My Internal Organs Have Melted

Published July 23, 2021 by Naomi Rettig

              

If I was rum and raisin ice-cream

I would not be here,

I’d have melted away,

Evaporated, dissolved,

Just my raisins remaining,

Dehydrated, shrivelled.

If I was a mint choc chip ice-cream

I would not be here .

I’d have melted away,

Evaporated, dissolved,

Just my choc chips remaining,  

Disgustingly sticky.

If I was a strawberry ice-cream

I would not be here.

I’d have melted away,

Evaporated, dissolved,

Just little pips remaining,

Insignificantly.

If I was a vanilla ice-cream

I would not be here.

I’d have melted away,

Evaporated, dissolved,

Zero trace remaining.

But I’m not a delicate ice-cream,

I’m a human bean,

And my strong skin holds in

Exhausted sloshy organs.

When I cool will they migrate

Back to their slots once more?

Or will my kidneys

Stay in my toes?

Ice Cream Types

Published July 22, 2021 by Naomi Rettig

Vanilla is comfort, familiar, and safer.

Chocolate is decadence held in a wafer.

Strawberry is sensuous and loving the sun.

Cheeky mint choc chip is looking always for fun.

Raspberry ripple is flirtatious and rude.

Pistachio eaters are frequently nude.

Tutti frutti are lovable freaks.

Vegan pecan for sexy ass geeks.

Neapolitan for the want-it-all’s.

Salted caramel for the know-it-all’s.

Rum and raisin wants adventure and travel.

And coffee lickers watch their life unravel.

Cuckoo

Published May 20, 2021 by Naomi Rettig

I sit in my car chewing on nicotine gum and watching the mourners seep into the church. I don’t recognise anyone. Leaning back and closing my eyes, I toy with the idea of driving off somewhere else, anywhere else. My overnight bag is in the boot. I could. I wouldn’t be missed.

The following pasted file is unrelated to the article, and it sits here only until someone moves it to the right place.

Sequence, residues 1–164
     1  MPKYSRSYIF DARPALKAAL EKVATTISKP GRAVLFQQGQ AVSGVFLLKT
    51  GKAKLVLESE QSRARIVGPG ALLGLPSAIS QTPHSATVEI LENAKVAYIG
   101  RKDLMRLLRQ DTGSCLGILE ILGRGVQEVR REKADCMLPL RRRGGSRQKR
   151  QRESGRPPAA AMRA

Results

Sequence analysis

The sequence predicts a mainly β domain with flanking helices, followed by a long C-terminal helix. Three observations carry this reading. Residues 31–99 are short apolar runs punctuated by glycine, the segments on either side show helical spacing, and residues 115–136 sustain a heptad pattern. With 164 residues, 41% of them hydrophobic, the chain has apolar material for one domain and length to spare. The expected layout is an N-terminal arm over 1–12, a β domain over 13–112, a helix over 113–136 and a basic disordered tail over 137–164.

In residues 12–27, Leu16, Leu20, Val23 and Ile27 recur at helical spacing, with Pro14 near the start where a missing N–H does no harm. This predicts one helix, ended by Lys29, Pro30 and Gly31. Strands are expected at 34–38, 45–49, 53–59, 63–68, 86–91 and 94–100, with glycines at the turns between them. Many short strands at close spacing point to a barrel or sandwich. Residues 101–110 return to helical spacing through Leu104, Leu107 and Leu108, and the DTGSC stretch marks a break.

There’s a tap on the window. I open my eyes. Keith. My brother-in-law is attempting to smile, his face almost pressed against the glass. I stare at him and press the button. The window drifts down. His wobbly face twitches. It seems he doesn’t know whether to start talking while the barrier is lowering or wait.  He waits. I chew. The whir of the window stops.

‘Kate. Hello.’ He exhales, expelling the essence of peppermint and meat. Cheap sausages, I think.

‘Hello Keith.’ I don’t smile, hoping my sour face will encourage him away from my personal space. It doesn’t.

‘How are you?’

‘I’ve just driven six hours to come to my mother’s funeral in bank holiday traffic with a hangover.’

‘Oh. Yes.’ He straightens up and recedes from my window, fidgeting with his tie. ‘Are you coming in with us now?’ He glances across the car park to my sister and their two adolescents. It’s odd seeing her dressed in black. I only see her wearing florals, bright yellow, or tacky Christmas jumpers. Josh and Max are in matching black suits. One is tapping away on his phone. I think it’s Josh. They’re both the same height now.